Completed in 2006 with 3,205 SF in size, Envelope House is a small three-unit structure designed by Bohlin Cywinski Jackson. It sits in a dense Seattle neighborhood, Washington, and slips into its narrow urban site. Two articulated volumes of the building cascade down the sloping site and used to form an elevated central courtyard.
It is a part of the neighborhood’s transition from single to multi-family buildings, designed under new city building regulations. These regulations allow the use of existing non-conforming building footprints. Opportunities to explore issues of privacy, circulation, and light are provided by the increased density, maximizing the investment potential at the same time.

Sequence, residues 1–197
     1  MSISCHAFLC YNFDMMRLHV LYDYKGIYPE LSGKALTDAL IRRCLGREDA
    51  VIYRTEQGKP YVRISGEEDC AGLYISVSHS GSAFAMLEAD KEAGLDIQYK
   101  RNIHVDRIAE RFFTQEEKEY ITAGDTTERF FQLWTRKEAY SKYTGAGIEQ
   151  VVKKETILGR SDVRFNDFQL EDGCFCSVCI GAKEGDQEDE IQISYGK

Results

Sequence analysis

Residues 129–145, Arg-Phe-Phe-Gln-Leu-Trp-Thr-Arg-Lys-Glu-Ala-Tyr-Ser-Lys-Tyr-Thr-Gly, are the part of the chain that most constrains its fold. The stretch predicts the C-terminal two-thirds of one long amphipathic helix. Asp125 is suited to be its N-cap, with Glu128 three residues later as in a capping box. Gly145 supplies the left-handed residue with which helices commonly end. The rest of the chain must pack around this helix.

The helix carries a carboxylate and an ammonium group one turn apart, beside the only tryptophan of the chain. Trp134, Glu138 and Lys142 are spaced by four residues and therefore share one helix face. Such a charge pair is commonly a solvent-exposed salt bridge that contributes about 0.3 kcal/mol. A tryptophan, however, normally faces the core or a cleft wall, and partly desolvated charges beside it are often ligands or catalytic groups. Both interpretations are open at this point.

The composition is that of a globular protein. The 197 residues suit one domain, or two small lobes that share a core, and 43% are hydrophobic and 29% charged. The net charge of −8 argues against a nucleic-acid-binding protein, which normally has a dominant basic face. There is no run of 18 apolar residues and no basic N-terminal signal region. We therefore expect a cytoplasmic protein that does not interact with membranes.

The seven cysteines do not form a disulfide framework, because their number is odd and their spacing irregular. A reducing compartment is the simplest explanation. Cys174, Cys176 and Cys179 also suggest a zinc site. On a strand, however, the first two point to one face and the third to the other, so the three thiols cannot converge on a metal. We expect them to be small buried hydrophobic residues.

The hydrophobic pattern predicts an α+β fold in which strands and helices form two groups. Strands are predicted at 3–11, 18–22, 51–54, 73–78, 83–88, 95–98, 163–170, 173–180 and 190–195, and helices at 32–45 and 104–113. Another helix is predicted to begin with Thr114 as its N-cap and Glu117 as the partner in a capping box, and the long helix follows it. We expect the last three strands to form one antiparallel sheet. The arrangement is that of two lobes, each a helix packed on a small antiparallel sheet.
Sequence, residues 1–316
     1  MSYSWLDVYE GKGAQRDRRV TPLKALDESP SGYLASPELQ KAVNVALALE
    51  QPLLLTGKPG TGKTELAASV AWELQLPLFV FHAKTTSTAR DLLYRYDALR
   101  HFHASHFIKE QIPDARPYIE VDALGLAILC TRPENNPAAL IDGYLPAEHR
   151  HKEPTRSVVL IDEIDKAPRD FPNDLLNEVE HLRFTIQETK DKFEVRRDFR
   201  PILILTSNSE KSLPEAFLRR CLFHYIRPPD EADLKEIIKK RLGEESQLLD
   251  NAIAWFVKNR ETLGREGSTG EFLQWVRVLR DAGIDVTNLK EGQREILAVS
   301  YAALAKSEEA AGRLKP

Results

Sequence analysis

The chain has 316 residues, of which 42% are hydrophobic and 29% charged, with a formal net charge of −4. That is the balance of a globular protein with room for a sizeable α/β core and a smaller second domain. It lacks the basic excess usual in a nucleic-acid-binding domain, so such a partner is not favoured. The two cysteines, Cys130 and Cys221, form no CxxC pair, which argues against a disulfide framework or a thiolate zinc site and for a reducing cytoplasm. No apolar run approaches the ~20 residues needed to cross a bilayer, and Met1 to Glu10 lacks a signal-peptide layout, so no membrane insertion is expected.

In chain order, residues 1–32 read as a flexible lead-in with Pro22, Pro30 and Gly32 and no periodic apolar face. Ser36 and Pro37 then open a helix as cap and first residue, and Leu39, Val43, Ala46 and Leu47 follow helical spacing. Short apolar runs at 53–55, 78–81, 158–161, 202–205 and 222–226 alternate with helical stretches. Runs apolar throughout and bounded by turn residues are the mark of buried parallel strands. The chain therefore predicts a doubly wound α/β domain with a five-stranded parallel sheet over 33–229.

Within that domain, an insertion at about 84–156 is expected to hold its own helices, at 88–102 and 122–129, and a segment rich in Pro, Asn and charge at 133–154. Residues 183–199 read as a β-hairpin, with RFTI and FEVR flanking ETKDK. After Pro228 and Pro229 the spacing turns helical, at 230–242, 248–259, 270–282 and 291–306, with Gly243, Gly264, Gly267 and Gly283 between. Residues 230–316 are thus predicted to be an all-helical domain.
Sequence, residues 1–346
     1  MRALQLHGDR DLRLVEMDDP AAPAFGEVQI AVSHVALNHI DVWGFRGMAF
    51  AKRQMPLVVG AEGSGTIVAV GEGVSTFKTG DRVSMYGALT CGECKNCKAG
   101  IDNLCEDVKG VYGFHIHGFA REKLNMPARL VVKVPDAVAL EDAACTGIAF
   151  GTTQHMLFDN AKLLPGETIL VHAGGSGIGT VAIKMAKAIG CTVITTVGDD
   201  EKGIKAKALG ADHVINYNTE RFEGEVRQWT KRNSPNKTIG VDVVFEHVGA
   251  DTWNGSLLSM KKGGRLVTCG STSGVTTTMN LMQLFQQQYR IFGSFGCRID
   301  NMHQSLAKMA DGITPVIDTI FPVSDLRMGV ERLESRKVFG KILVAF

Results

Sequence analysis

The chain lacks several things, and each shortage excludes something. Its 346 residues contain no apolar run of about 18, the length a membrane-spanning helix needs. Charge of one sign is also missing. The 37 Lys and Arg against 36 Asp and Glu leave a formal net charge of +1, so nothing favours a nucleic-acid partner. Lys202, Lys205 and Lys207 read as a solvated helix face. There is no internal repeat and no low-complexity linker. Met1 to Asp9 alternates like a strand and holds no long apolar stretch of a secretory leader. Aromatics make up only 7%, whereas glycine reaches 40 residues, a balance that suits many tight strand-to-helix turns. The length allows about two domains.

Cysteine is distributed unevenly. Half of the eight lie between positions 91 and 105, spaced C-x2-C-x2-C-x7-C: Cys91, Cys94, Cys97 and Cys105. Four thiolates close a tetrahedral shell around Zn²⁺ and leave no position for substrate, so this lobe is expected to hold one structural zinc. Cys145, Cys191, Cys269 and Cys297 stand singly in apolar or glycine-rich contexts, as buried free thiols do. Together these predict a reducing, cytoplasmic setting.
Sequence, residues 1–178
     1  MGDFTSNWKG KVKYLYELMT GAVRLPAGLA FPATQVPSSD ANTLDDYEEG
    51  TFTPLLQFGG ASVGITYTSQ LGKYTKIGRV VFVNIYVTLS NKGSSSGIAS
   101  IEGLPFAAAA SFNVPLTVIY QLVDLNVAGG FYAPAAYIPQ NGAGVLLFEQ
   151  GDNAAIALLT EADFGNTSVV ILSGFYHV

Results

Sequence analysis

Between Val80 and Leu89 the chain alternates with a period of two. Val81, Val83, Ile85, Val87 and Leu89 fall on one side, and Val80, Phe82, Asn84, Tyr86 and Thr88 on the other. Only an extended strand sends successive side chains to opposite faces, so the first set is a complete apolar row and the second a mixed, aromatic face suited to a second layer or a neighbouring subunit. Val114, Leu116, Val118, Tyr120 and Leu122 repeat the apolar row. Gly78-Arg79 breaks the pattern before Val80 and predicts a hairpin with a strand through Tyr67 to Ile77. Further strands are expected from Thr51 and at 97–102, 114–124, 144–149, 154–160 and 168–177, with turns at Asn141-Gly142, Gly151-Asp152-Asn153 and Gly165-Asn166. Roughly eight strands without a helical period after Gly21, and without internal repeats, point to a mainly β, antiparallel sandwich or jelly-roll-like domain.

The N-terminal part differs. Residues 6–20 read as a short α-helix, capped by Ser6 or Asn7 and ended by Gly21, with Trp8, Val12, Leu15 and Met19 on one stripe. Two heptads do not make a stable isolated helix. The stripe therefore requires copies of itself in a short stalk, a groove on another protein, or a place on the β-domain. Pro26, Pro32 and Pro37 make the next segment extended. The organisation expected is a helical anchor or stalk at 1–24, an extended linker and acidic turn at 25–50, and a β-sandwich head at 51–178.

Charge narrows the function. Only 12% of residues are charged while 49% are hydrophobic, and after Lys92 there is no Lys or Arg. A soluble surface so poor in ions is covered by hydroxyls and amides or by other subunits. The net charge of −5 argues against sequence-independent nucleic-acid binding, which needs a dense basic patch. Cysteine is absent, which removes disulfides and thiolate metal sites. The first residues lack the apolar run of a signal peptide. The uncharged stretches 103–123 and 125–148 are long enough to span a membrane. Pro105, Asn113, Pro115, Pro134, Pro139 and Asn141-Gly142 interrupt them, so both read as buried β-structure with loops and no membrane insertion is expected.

There are two articulated volumes that form an elevated central courtyard. The sunlit courtyard is flanked by two transparent stair volumes and reading pods. This courtyard also becomes a vertical garden with a connection to the veil of privacy and the landscape between units.
Arranged as interlocking spaces, these three units give each dwelling its own views. The awesome stairs to the decks of the roof become habitable spaces while small bay windows push outward like saddlebags to capture the stunning views of the skyline and lake, screening the properties of the neighboring as well.
Galvanized steel flashings and fiber cement panels can create a trim and economical exterior skin for this building. At every level, the design in this project shows the desire of the client to develop an architecturally and socially significant structure within the limited budget.
Envelope House Gallery
Photographer: Nic Lehoux